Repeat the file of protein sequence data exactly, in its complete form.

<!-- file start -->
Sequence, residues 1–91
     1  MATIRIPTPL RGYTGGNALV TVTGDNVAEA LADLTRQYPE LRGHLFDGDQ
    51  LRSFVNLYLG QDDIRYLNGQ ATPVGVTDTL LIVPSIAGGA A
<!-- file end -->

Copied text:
Sequence, residues 1–91
     1  MATIRIPTPL RGYTGGNALV TVTGDNVAEA LADLTRQYPE LRGHLFDGDQ
    51  LRSFVNLYLG QDDIRYLNGQ ATPVGVTDTL LIVPSIAGGA A